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Council on Foreign Relations Daily News Brief
May 14, 2013

Top of the Agenda

Top of the Agenda: Obama, Cameron Cautious on Syria

As U.S. debate heats up about whether to increase intervention in Syria, President Obama and visiting Prime Minister of Britain David Cameron expressed support for a proposed international conference on Syria (WaPo), but had little optimism that it would produce a political solution. Syria has asked for details on the U.S.-Russian plan (Reuters) before agreeing to attend.

Photo: Jonathan Ernst/Courtesy Reuters


"The Syria crisis has implications for other critically important strategic challenges, including our ongoing conflict with al Qaeda affiliates who have been entering the civil war, and especially our looming showdown with Iran over its nuclear program. No doubt, the Iran challenge casts a large shadow over the president's decision-making on Syria," says CFR's Matthew C. Waxman in this video.

"The lessons from Iraq and Afghanistan are to be humble about what can be achieved – and realistic about the extent of the commitment that may be needed, if the US ultimately decides that it has to act. The fact that Mr Obama is refusing to respond to calls for 'tough action' in Syria now is not a sign that he is a weak leader – it is a sign that he is a good leader," writes Gideon Rachman for the Financial Times.

"If we're going to debate intervention in Syria, let's also debate intervention in Afghanistan and Iraq, countries where we have accrued grave moral obligations, obligations that don't end just because we've decided it's easier to focus our attention someplace else," Peter Beinart writes for the Daily Beast.



China Tour Company Offers North Korea Day Trips

A China-based tour company (AP) says it has received North Korea's permission for Westerners to make day trips into the country from the Chinese border.

AUSTRALIA: Australia's new budget projects a deficit of 19.4 billon Australian dollars (WSJ) instead of a promised surplus, with funding for health and education reforms. The Labor government of Prime Minister Julia Gillard blamed a strong Australian dollar and fading mining boom.



European, U.S. Retailers Split on Bangladesh Safety Reform

Several large European retailers, including H&M and Zara, signed a binding accord designed to improve safety conditions in Bangladesh's garment factories (WSJ) after a building collapse last month killed at least 1,127 workers and injured many more. Major U.S. retailers, including Wal-Mart Stores Inc. and J.C. Penney Co., have not signed the agreement.

The United States has a strong interest in encouraging improved labor standards in developing countries like Bangladesh, writes CFR's Edward Alden.

MYANMAR: At least eight people died after several boats capsized near Myanmar's western coast (VOA), the United Nations reports, as residents of refugee camps were being evacuated ahead of a cyclone that could hit parts of Bangladesh and Myanmar later this week.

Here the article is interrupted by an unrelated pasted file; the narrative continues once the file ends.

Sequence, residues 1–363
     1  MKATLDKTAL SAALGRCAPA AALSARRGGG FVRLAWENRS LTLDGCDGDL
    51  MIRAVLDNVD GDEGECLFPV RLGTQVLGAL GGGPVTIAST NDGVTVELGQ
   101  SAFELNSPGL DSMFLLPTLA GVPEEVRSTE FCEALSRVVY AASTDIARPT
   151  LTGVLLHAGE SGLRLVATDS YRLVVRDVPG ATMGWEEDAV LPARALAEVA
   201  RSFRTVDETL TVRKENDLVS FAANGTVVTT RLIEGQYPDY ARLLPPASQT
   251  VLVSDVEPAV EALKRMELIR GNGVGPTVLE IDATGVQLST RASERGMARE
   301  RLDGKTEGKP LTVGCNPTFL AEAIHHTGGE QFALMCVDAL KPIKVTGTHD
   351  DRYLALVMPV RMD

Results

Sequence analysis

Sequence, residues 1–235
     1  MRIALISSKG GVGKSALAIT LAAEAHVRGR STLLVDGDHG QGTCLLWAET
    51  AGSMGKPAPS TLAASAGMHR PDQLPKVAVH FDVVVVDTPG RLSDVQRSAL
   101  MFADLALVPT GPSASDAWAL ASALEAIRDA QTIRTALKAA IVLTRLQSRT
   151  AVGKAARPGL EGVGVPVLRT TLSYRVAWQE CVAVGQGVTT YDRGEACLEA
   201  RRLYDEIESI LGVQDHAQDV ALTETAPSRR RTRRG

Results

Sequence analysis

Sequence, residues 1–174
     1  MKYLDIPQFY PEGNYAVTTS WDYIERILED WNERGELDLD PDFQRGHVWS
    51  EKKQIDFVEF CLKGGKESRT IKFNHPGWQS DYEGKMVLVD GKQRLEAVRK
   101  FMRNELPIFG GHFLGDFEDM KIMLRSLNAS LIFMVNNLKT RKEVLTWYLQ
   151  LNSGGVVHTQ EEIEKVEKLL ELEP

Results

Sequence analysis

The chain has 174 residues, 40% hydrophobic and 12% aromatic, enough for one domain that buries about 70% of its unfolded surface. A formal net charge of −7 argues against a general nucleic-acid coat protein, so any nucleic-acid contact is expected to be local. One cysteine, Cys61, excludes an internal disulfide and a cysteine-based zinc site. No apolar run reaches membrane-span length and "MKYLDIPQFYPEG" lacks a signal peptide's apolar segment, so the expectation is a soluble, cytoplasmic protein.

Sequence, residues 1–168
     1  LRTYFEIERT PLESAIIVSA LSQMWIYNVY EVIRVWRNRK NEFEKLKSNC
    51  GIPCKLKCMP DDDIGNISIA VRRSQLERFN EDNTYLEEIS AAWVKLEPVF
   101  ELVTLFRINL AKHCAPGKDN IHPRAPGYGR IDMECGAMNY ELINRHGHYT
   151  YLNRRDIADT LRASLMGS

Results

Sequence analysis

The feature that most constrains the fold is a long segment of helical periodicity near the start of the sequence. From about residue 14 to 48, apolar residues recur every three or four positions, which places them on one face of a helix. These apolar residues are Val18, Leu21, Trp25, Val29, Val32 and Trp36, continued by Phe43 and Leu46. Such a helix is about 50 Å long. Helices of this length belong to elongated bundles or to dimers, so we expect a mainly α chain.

Turkey, Iraq Kurds Sign Energy Deal

Turkey agreed to an energy deal with Iraq's oil- and gas-rich north, a deal that the United States warns could further fracture the Middle Eastern state, but which Ankara sees as central to its own future.

Turkey's weak response to car bombs last week underscores that it is as much in need of rescue as many other neighboring countries, writes CFR's Steven A. Cook.



Libya Car Bomb Kills Four

A car bomb near a Benghazi hospital (NYT) killed at least four people and injured many others. The incident is the latest of several recent bomb attacks seen as a sign of increasing disorder as Libya struggles with its transition to democratic rule.

SOUTH AFRICA: Thousands of workers went on strike today at the Lonmin platinum mine (BusinessStandard) after a union leader was shot dead over the weekend.



Greek Workers Protest Ban on Teachers' Strike

State workers in Greece walked off the job Tuesday in protest of a government decision to prohibit a strike by high school teachers. The incident is the latest in a series of anti-austerity strikes since Greece adopted strict budget cuts as part of its 2010 bailout package. Meanwhile, a survey by the Pew Research Center shows increasing disillusionment with the European Union among respondents in major member countries, with the greatest dissatisfaction found among the French.

RUSSIA: An alleged U.S. undercover agent (BBC), said to be a secretary at the U.S. embassy in Moscow, was arrested for allegedly trying to recruit a Russian intelligence officer, Russian media report.



Justice Department Collected Reporters' Phone Records

The Justice Department secretly collected two months' worth of phone records for twenty Associated Press reporters and editors (NYT), likely related to the leak of information last year about the Central Intelligence Agency's foiling of a Yemen-based airline plot.

VENEZUELA: In an effort to counter soaring crime rates (BBC), Venezuelan President Nicolas Maduro sent some three thousand troops to patrol the streets of Caracas.

This CFR Issue Guide looks at crime, economic distortions, and other challenges facing post-Chavez Venezuela.



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